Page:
Food – Croatian cuisine has influences from Central Europe, the Mediterranean, and the Balkans. Seafood is a prominent staple along the coast, with scampi and octopus salad being two local favorites. Tuna, cuttlefish risotto, squid, and breaded catfish are other common fares. Sausage and schnitzel can be found at most traditional restaurants as well, as can a variety of pasta dishes (usually with a creamy mushroom sauce or minced meat). Stews are also common, especially goulash.

Meals at an inexpensive restaurant start at 70 HRK. Meals for two people at a mid-range restaurant start at around 330 HRK.

Traditionally, the main meal of the day is lunch. If you have a sweet tooth, Croatia is a haven for pastries. Be sure to try savijaca (apple strudel).

For travelers looking for super-affordable fare in Zagreb, there are two great options: the cheap, multi-course daily brunch called gablec or buying some provisions at the Dolac Market and eating in a park or a square. Asian restaurants (like Chinese or Indian) also offer cheap meals, with dishes costing 65-80 HRK.

Otherwise, Zagreb has everything from rustic, salt-of-the-earth taverns and Michelin-starred restaurants. For the former, expect to pay about 150-170 HRK for a starter and a main dish (without drinks) at a typical tavern (or konoba) in or near the city center and for the latter, a fine dining experience will run about 1,000 HRK per person.

Fast food (think McDonald’s) is around 45 HRK. Beer costs 18-20 HRK while a latte/cappuccino is around 13 HRK. Bottled water is around 9.50 HRK.

If you are planning to cook your own food, a week’s worth of groceries costs around 250-300 HRK for staples like milk, cheese, pasta, seasonal vegetables, and some chicken.

Backpacking Zagreb Suggested Budgets

If you are backpacking Croatia, my suggested budget is 350 HRK per day. This assumes you’re staying in a hostel dorm, cooking all of your meals, limiting your drinking, doing free activities like hiking and free walking tours, and using public transportation to get around. You’ll need to budget more if you’re visiting in the summer or if you plan on drinking.

On a mid-range budget of 800 HRK per day, you can stay in a private Airbnb or private hostel room, eat out for all your meals, have a few drinks, take some guided tours, take the occasional taxi to get around, and visit more museums and attractions (like the funicular).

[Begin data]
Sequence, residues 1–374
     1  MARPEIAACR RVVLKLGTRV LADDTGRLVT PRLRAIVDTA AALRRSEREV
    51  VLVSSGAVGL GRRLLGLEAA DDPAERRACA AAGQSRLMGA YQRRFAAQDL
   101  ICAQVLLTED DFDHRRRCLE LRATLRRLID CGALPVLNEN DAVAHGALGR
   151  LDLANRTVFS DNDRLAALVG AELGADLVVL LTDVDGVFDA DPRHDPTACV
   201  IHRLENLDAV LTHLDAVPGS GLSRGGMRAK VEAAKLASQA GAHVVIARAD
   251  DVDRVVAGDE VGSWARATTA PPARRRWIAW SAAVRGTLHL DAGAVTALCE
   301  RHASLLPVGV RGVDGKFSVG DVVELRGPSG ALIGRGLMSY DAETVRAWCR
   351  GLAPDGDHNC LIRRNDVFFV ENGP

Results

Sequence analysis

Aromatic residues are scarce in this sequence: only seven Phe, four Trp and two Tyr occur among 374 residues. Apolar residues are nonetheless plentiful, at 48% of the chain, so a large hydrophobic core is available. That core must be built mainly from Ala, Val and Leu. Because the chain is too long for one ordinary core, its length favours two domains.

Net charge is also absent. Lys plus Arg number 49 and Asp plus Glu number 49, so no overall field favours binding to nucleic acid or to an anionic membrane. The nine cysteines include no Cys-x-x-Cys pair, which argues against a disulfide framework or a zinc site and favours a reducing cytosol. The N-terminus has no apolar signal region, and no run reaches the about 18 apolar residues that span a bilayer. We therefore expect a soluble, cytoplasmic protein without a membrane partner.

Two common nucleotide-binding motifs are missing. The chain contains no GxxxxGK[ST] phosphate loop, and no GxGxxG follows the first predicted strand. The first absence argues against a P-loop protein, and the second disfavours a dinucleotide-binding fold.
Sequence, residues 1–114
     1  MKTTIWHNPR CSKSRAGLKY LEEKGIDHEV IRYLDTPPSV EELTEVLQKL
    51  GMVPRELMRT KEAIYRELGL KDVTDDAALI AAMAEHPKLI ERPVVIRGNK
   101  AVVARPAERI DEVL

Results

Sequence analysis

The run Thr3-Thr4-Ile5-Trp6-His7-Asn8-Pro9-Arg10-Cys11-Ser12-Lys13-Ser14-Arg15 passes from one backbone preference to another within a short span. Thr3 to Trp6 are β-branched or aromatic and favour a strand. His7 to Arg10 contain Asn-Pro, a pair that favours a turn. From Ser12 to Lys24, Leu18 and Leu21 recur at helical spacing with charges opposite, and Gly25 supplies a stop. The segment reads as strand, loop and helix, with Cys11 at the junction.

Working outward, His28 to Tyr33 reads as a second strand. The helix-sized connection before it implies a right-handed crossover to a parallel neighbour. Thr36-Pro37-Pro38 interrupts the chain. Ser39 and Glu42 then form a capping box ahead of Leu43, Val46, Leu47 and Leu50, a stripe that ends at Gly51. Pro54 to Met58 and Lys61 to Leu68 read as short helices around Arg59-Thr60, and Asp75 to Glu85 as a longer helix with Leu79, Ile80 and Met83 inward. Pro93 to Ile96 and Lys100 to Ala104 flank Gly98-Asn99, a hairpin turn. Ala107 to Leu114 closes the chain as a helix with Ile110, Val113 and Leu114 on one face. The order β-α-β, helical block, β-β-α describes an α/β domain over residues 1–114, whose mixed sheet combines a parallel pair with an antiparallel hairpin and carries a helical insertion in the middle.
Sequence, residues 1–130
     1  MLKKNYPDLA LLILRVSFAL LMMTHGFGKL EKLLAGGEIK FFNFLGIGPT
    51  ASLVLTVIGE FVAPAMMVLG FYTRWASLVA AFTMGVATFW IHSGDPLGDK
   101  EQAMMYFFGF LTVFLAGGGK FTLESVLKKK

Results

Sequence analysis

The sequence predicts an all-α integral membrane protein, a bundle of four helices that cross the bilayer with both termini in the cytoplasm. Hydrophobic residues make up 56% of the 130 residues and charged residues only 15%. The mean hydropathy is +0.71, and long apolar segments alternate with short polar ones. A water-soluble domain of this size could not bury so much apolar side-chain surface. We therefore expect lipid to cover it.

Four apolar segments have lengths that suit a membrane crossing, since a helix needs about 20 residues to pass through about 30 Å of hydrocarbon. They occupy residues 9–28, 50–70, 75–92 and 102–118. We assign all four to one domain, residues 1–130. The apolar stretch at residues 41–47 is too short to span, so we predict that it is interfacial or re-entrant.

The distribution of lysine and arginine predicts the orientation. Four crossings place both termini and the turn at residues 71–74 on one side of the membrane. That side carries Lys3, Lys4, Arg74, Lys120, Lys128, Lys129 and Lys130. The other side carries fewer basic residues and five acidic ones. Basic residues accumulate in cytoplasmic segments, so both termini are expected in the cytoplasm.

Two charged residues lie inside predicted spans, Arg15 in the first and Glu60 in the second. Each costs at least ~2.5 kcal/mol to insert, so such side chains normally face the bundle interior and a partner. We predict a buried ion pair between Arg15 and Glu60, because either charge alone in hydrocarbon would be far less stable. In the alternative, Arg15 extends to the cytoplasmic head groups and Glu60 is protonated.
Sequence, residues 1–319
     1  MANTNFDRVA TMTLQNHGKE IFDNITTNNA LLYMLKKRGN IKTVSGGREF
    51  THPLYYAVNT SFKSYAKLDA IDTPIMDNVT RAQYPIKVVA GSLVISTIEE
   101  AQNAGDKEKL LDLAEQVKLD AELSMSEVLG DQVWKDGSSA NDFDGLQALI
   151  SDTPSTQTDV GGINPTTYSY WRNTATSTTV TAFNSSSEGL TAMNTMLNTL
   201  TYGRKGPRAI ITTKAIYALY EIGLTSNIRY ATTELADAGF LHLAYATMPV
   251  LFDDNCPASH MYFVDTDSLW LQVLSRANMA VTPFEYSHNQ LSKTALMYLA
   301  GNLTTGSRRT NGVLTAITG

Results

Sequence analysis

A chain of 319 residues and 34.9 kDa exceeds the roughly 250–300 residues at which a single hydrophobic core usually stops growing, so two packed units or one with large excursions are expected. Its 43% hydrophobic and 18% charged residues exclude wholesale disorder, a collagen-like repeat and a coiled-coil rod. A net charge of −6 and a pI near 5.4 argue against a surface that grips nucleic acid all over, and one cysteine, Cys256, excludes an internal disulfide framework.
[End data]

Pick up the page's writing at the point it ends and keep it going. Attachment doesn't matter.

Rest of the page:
On a “luxury” budget of 1,600 HRK per day, you can stay in a hotel, rent a car to get around, do private guided tours, eat and drink as much as you’d like, and visit as many museums and attractions as you want. This is just the ground floor for luxury though. The sky is the limit!

You can use the chart below to get an idea of how much you need to budget daily. Keep in mind these are daily averages – some days you spend more, some days you spend less (you might spend less every day). We just want to give you a general idea of how to make your budget. Prices are in HRK.

Accommodation
Food
Transportation
Attractions
Average Daily Cost
Backpacker
150
70
35
45
300
Mid-Range
300
275
100
125
800
Luxury
525
550
275
250
1,600

Zagreb Travel Guide: Money-Saving Tips

Zagreb is pretty affordable. It’s not anywhere near as expensive as destinations on the coast and there’s a lot of budget friendly restaurants, free tours, and accommodation. Here are some general ways to save money when you travel around Zagreb:

  1. Walk everywhere – Zagreb is a very walkable city. Most of the sites you want to see are within a 20 or 30-minute walk (at most) from the city center. Skip public transportation if you’re on a tight budget.
  2. Bring a water bottle – The tap water here is safe to drink so bring a reusable water bottle to save money and reduce your plastic use. LifeStraw is my go-to brand as their bottles have built-in filters to ensure your water is always clean and safe.
  3. Pay with the local currency – When paying with a credit card, if you’re asked whether you want to pay in the local currency rather than US dollars (or whatever currency your card is tied to), always choose the local currency. You always get a better rate with the local currency.